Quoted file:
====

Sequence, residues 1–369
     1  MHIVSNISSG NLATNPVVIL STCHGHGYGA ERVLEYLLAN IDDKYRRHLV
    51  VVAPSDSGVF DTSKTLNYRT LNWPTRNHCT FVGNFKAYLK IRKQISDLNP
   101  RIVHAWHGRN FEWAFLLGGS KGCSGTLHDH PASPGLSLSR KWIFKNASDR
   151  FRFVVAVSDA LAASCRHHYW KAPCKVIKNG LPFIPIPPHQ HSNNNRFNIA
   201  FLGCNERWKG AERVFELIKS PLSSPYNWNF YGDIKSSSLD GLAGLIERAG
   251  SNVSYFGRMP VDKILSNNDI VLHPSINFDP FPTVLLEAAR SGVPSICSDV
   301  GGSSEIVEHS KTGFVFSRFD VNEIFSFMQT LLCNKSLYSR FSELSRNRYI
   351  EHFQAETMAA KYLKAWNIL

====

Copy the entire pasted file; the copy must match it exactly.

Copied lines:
Sequence, residues 1–369
     1  MHIVSNISSG NLATNPVVIL STCHGHGYGA ERVLEYLLAN IDDKYRRHLV
    51  VVAPSDSGVF DTSKTLNYRT LNWPTRNHCT FVGNFKAYLK IRKQISDLNP
   101  RIVHAWHGRN FEWAFLLGGS KGCSGTLHDH PASPGLSLSR KWIFKNASDR
   151  FRFVVAVSDA LAASCRHHYW KAPCKVIKNG LPFIPIPPHQ HSNNNRFNIA
   201  FLGCNERWKG AERVFELIKS PLSSPYNWNF YGDIKSSSLD GLAGLIERAG
   251  SNVSYFGRMP VDKILSNNDI VLHPSINFDP FPTVLLEAAR SGVPSICSDV
   301  GGSSEIVEHS KTGFVFSRFD VNEIFSFMQT LLCNKSLYSR FSELSRNRYI
   351  EHFQAETMAA KYLKAWNIL